Dead of Knight - A Jack Staal Mystery by William R. Potter

Reviewed for Review the Book
Published by RealTime Publishing

This psychological thriller was of special interest to me because a lot of the action centered around the area where I grew up, Vancouver and the Lower Mainland of British Columbia. According to the cover blurb, Canadian author William R. Potter began this book in 2002, put the book on hold, and after completing other work, returned to Dead of Knight. I for one, am very glad he did.

A descriptive book, it takes place in the fictional town of Hanson in British Columbia. The book begins with a journey into the mind of a psychotic murderer, nick-named the Birthday Boy, because his victims were murdered on their birthdays. He sees himself as a hero; he is currently Tyro, training to become what he perceives to be a super hero who will be Damian Knight, Soldier of Justice. He believes he is on the same side as the law. The character is well-defined, as is the character of Jack Staal, the detective who becomes Knight's focused nemesis.

The story is also a police procedural that doesn't always follow procedure, often a sign of office politics versus either the very caring or the corrupt. Jack Staal is one of the caring, but he is fraught with demons of past cases. Some might call him flawed, others a hero. No matter, this is one man who is determined to stop Damian Knight, the psycho-serial killer with a mission. But what is the mission? How do the murders connect?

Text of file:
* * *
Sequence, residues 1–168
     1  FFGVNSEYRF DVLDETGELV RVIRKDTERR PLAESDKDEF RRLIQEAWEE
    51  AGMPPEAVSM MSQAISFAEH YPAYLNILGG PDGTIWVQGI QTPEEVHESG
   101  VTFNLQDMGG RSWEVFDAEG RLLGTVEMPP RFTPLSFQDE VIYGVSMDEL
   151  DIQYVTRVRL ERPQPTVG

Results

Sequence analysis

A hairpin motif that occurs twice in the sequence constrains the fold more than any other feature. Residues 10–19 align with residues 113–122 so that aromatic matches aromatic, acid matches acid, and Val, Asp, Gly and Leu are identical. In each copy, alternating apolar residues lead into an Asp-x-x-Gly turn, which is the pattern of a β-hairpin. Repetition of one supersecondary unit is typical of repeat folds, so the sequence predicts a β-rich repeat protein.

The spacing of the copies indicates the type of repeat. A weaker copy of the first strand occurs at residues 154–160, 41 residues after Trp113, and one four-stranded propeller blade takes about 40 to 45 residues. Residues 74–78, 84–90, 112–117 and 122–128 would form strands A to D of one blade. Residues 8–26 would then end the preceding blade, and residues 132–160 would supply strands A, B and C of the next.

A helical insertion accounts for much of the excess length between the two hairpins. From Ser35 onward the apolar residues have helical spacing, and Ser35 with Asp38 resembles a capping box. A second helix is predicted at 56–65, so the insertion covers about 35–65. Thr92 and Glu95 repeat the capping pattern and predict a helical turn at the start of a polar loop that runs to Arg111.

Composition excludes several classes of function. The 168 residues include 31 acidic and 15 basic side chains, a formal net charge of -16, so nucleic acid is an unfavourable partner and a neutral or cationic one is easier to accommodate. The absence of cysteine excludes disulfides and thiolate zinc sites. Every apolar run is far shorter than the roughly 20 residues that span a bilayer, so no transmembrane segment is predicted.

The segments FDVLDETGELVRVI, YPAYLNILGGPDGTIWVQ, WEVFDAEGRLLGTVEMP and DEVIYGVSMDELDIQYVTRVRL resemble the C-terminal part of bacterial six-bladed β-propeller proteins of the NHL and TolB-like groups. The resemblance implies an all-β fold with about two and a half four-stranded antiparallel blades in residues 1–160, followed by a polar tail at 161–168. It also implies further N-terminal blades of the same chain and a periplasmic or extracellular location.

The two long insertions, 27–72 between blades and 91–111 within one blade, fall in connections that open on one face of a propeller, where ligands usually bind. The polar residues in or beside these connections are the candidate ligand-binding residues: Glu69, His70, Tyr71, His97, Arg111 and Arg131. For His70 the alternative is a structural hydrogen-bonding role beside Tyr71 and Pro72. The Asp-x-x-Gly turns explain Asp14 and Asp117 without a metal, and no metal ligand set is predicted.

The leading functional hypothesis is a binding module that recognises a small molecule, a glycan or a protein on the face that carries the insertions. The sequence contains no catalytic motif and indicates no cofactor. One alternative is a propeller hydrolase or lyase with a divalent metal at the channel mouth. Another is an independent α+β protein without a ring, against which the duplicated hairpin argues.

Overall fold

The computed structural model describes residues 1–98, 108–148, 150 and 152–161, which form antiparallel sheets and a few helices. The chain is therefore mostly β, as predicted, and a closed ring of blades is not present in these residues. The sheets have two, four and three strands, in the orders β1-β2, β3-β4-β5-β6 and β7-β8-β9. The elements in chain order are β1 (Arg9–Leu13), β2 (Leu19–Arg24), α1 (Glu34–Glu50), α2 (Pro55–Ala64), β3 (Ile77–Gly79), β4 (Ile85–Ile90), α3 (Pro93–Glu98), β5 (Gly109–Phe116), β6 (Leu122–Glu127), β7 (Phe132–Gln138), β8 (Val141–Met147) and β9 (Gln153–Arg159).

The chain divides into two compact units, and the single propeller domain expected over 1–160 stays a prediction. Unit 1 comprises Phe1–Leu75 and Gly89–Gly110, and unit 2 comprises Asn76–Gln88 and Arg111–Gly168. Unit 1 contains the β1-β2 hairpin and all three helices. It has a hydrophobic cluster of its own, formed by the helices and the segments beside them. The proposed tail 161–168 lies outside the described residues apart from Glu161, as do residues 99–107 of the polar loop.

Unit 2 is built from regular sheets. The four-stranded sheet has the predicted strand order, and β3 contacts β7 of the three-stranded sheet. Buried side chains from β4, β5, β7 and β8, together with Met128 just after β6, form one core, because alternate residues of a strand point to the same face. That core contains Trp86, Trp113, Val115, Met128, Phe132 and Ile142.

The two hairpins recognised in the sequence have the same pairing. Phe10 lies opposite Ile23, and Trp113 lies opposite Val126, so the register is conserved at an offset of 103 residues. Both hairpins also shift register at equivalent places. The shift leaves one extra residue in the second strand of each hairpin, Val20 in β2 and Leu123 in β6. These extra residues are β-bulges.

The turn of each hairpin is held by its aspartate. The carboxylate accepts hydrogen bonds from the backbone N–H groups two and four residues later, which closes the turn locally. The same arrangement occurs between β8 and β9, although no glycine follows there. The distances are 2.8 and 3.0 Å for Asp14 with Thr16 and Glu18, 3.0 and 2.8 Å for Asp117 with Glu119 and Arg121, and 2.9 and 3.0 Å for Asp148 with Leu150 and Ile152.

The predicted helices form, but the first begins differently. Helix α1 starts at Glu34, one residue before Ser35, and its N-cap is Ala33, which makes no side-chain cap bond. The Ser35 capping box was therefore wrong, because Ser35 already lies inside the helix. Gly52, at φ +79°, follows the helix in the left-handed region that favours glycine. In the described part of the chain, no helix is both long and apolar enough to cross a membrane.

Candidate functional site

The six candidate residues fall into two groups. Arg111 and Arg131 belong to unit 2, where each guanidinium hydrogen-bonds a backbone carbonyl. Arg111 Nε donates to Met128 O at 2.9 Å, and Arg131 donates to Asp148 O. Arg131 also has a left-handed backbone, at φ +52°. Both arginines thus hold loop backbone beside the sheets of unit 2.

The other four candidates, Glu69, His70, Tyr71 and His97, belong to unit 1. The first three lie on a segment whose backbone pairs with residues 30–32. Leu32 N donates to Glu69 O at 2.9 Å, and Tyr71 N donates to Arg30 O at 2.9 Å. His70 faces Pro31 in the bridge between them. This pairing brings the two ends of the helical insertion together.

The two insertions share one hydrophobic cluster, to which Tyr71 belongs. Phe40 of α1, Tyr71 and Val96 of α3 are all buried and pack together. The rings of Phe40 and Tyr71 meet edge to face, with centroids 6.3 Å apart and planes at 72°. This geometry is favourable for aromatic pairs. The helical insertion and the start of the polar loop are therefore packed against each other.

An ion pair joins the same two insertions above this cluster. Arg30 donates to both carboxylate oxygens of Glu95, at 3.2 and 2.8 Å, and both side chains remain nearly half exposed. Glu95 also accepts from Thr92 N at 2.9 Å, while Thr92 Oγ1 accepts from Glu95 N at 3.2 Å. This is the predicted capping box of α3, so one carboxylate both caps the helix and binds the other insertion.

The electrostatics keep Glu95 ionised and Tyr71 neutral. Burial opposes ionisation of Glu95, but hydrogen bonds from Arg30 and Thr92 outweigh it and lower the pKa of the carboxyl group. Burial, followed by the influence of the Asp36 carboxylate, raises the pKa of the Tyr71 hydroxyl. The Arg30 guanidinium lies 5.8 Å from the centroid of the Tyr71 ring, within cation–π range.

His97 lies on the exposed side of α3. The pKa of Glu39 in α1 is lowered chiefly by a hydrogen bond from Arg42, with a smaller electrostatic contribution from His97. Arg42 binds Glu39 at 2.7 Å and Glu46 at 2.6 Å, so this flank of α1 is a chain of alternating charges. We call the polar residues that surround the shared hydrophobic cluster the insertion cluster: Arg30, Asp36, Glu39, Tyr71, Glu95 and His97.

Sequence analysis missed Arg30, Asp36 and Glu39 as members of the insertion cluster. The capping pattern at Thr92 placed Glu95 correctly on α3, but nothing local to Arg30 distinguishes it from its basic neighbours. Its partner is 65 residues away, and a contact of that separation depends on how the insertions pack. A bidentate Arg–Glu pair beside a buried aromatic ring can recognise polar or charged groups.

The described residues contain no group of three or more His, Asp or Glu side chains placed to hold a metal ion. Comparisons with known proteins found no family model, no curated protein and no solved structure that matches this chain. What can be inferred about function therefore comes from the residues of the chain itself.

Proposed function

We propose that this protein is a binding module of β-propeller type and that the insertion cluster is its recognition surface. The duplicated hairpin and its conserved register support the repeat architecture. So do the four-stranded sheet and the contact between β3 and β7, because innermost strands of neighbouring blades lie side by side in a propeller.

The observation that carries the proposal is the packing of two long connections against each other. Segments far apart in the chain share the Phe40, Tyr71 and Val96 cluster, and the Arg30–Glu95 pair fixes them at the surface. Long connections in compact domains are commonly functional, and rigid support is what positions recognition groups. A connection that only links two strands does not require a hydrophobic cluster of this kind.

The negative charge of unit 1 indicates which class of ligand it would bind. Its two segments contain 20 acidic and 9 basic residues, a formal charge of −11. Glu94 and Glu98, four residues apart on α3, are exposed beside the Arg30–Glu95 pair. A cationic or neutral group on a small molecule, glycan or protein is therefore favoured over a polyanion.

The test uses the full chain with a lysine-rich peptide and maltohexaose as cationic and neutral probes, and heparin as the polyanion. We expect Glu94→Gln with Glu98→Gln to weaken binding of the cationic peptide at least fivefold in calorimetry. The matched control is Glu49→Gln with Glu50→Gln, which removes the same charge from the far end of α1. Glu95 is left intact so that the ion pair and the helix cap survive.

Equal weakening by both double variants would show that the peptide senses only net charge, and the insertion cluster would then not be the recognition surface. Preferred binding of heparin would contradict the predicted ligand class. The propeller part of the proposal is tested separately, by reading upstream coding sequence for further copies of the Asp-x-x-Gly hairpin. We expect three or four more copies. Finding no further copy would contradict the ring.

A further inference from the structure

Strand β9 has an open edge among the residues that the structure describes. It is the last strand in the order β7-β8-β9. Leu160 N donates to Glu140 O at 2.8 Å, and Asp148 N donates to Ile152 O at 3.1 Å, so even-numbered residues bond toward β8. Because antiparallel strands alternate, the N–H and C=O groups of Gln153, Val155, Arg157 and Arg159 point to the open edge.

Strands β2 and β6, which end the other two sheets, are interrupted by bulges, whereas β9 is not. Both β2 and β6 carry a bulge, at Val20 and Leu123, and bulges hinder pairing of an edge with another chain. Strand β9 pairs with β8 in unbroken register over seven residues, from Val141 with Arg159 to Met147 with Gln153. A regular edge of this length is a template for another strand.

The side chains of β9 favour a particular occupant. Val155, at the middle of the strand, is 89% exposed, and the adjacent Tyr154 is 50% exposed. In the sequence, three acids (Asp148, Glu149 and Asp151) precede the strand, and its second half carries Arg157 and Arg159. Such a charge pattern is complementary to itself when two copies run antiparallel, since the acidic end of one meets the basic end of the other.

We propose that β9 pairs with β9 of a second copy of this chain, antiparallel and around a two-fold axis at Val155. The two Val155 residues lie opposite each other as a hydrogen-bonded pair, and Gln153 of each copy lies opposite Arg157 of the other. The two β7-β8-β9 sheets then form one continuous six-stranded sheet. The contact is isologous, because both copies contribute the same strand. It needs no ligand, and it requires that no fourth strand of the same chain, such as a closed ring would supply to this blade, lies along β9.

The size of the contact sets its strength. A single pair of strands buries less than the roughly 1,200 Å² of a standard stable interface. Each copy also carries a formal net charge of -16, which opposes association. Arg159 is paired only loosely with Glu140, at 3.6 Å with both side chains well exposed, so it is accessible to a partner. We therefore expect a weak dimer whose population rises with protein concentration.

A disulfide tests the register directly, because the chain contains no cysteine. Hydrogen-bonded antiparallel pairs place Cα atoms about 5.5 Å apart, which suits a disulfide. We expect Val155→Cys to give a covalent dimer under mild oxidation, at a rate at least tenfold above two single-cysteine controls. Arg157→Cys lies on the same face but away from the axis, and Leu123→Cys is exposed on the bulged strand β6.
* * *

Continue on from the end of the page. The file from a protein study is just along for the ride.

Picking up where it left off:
Jack and his group of allies on the police force must buck authority to bring in the "perp" as soon as possible, while the authorized group bungle and follow wrong leads, rumours abound. This is a very satisfying thriller, complete with background descriptions of what has led to this killing spree, internal strife in the police department, a vendetta against Jack Staal by Damian Knight when he thinks he is getting too close to solving who Damian Knight is, false leads, taunting hints left for Jack, death and injury. The methods of putting the pieces together is compelling. The plot was well thought out, played out with passion and resolve. A complex and taut story that kept my attention throughout. Written for mature readers.